The state has finalized its first interagency and comprehensive biosecurity plan to protect Hawaii’s agriculture, environment, economy and health.
In the past, individual federal, state, and local agencies tried their best to address and manage the issues related to biosecurity within the context of their own agencies.
Gov. David Ige says “this plan will provide a 10-year framework to prevent invasive species from entering our borders, detect them once they have entered the state, and better manage the established invasive species that are already within our state.”
Invasive species impacts the state’s $600 million agricultural industry through crop damage and costly mitigation measures. Stinging ants, biting snakes, and other pests also pose a concern to the $14.9 billion tourism industry.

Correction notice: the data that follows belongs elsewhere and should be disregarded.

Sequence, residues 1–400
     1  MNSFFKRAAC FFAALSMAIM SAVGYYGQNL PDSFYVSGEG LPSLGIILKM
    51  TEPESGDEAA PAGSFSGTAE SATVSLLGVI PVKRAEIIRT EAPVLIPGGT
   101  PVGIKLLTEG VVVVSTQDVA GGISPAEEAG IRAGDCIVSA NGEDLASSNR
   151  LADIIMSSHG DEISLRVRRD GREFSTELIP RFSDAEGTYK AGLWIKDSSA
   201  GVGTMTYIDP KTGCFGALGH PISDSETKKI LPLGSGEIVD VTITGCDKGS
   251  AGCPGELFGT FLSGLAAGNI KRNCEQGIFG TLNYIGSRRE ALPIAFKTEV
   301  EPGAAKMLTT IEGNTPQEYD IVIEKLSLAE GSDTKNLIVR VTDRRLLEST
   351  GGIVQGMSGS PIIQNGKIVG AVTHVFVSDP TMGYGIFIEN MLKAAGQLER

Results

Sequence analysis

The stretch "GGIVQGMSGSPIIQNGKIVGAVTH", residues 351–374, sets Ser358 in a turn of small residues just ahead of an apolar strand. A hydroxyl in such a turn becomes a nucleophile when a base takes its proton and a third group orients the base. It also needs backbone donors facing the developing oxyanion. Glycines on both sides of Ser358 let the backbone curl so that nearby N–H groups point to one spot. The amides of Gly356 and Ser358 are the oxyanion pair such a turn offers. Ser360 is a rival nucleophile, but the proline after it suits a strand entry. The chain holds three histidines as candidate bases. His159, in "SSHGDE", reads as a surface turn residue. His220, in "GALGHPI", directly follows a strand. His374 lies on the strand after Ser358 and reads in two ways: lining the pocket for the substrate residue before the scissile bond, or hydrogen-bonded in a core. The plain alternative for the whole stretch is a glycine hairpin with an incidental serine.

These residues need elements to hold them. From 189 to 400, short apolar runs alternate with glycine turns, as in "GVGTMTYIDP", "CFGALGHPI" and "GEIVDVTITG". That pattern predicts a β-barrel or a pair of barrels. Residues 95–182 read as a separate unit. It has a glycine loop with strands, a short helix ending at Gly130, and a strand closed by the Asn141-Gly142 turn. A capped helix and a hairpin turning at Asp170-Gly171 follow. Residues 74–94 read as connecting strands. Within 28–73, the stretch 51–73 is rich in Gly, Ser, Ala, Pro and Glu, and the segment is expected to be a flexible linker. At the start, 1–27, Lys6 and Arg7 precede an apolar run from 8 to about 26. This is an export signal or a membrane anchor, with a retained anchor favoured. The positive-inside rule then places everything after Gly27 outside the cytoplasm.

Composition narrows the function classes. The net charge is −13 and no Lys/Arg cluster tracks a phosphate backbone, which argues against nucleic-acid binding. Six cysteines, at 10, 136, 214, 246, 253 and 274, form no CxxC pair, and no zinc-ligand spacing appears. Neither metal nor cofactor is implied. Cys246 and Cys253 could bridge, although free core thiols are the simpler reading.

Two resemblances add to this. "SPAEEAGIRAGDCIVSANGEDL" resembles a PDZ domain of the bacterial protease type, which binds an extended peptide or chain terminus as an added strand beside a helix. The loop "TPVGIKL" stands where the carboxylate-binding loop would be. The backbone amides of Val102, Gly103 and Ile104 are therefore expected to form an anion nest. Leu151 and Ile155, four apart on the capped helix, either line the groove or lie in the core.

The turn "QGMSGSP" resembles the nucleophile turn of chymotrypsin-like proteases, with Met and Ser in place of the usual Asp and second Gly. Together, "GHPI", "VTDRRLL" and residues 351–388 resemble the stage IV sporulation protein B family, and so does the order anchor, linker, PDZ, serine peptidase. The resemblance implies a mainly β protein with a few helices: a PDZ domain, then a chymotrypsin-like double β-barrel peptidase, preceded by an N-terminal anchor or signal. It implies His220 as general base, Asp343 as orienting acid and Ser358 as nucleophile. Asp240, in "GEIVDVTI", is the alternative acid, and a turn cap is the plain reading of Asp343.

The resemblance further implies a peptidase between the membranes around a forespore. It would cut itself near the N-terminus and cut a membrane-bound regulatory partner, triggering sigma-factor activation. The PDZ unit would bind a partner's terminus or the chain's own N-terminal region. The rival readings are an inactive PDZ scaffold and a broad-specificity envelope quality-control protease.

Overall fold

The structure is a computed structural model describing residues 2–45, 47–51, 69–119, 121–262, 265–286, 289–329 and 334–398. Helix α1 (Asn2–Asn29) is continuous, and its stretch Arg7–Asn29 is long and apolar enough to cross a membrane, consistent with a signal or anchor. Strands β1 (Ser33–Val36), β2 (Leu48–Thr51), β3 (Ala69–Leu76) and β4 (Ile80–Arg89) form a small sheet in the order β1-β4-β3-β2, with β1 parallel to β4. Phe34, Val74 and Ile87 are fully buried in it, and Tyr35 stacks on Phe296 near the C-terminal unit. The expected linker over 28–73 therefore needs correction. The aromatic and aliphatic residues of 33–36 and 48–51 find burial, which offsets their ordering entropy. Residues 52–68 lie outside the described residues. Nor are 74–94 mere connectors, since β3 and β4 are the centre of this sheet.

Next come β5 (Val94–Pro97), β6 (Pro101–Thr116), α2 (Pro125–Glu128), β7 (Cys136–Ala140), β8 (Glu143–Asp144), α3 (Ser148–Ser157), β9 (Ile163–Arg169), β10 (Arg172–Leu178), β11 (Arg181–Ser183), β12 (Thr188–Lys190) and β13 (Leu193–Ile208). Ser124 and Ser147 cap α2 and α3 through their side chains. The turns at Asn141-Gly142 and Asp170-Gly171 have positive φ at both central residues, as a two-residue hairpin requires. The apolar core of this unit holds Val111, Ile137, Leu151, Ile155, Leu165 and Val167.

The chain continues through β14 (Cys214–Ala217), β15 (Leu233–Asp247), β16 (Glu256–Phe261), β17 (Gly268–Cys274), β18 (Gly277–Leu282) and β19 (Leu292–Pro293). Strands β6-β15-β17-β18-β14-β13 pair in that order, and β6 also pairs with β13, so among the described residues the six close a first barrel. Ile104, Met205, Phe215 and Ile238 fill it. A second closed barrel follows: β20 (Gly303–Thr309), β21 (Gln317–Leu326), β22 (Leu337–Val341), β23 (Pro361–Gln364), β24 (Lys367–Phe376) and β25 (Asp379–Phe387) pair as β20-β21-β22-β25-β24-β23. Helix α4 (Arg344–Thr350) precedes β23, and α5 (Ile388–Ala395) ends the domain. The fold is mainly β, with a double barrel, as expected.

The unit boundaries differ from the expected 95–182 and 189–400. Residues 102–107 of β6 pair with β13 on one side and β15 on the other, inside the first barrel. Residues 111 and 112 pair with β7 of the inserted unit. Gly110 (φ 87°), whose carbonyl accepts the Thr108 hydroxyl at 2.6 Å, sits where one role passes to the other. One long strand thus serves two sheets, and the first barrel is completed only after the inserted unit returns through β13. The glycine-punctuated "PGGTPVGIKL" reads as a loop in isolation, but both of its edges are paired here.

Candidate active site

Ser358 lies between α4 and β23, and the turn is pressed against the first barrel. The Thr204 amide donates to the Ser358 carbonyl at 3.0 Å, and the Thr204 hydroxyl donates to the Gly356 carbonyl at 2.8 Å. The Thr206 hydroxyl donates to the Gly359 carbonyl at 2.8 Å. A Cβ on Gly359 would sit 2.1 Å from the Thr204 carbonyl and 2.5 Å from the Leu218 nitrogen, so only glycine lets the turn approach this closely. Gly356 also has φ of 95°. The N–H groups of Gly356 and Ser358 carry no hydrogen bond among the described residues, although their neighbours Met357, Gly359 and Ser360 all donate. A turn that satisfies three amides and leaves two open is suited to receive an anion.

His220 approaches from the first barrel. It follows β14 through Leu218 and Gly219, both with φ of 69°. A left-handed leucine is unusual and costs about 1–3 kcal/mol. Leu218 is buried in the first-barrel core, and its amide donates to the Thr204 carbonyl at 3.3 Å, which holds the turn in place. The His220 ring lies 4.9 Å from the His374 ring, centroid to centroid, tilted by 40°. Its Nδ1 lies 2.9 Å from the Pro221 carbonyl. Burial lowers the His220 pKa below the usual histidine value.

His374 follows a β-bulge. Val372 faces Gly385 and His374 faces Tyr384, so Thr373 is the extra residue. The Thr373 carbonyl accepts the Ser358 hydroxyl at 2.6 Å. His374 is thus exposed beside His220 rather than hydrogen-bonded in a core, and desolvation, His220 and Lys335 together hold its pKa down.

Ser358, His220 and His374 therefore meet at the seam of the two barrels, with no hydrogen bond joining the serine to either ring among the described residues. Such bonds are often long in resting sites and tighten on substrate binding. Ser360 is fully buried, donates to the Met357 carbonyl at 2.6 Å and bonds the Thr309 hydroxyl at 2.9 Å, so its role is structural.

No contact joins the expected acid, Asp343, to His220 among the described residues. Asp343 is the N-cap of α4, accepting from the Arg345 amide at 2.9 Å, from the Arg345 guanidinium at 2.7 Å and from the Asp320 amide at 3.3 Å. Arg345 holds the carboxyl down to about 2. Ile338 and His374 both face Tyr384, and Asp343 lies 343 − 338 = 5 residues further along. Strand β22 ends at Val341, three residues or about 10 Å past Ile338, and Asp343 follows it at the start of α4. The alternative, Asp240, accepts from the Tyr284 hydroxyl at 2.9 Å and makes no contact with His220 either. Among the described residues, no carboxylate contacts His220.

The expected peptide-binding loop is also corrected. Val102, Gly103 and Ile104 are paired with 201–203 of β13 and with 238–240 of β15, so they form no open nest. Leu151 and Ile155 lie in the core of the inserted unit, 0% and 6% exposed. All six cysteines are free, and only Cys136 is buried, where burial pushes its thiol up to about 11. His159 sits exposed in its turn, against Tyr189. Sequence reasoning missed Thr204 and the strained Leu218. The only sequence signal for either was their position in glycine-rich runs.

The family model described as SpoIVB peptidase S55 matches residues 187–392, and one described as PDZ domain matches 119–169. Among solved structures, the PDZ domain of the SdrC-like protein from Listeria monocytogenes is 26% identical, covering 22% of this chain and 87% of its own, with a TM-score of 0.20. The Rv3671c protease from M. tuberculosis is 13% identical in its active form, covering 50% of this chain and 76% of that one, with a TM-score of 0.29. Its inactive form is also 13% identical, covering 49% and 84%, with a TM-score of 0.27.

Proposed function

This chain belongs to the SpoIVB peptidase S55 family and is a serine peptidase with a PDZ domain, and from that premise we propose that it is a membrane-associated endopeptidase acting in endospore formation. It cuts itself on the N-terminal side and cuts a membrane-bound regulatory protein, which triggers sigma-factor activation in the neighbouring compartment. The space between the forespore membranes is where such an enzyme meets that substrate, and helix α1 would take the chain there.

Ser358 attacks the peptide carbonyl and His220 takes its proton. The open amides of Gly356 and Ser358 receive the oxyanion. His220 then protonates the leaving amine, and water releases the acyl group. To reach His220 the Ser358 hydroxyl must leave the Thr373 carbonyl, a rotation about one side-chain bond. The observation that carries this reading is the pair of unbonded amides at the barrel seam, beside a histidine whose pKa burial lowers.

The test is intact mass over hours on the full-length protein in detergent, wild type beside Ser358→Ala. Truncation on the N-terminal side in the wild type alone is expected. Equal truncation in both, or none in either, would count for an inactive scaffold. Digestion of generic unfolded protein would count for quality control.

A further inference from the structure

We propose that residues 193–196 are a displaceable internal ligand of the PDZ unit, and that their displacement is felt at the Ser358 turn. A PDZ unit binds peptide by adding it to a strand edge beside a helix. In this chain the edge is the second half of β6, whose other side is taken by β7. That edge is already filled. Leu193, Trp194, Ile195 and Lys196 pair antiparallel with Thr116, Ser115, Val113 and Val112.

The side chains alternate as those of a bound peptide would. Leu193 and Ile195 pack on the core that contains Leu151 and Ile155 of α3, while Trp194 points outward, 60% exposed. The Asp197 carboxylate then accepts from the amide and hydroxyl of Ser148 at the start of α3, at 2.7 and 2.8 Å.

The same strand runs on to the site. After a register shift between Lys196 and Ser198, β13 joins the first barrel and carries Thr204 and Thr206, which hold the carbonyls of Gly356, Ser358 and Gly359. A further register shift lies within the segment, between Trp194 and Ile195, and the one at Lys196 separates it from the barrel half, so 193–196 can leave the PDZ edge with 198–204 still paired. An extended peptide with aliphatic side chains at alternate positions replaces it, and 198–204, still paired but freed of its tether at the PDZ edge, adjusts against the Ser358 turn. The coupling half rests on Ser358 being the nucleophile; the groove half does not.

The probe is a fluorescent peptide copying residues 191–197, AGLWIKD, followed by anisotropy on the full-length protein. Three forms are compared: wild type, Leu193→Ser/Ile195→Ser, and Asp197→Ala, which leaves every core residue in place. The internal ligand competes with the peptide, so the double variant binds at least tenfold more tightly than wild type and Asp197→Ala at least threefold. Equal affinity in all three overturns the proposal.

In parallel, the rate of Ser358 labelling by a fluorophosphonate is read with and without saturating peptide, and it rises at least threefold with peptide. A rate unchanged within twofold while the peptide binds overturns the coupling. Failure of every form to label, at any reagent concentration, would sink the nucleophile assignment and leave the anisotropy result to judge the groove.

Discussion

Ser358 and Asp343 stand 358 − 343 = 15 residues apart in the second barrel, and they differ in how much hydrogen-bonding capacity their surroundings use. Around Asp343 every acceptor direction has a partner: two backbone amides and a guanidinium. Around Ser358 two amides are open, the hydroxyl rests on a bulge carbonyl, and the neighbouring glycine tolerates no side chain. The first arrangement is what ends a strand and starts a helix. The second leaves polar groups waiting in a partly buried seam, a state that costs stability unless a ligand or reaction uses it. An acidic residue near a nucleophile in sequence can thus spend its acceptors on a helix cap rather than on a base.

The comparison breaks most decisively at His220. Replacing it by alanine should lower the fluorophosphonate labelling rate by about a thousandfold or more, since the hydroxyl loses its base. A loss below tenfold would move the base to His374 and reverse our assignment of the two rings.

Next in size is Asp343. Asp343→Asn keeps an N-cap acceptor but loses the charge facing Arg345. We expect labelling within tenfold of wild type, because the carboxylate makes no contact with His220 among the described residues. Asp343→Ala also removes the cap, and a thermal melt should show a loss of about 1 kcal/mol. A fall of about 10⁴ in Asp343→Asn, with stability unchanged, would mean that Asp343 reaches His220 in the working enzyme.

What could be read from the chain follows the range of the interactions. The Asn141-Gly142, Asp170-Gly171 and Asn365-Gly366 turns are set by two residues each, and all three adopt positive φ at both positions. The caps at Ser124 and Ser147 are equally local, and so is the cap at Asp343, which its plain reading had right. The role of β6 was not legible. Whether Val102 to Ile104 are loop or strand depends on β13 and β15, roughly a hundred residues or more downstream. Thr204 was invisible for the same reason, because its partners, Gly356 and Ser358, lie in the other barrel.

The scope of the plan addresses all three biosecurity areas including pre-border (for example, agreements on handling and treatment of products before they enter the state), border (for example, inspection authorities and technologies), and post-border (for example, tools and capacity for response after invasive species have become established).
“We have to be smarter in using state resources by working together and collaborating across and within their agencies. We just don’t have the financial and human resources to do it by ourselves, the problem is much greater than just a Department of Agriculture issue,” said Scott Enright, chairperson of the Hawaii Board of Agriculture. “This plan gives us the framework or path to better address and manage the problems of invasive species.”
“Our environment, our food, and our people are all interconnected,” said Suzanne Case, chairperson of the Department of Land and Natural Resources. “Using a cross-sector approach is the best way we can work to protect Hawaii.”
To view the Hawaii Interagency Biosecurity Plan, click here.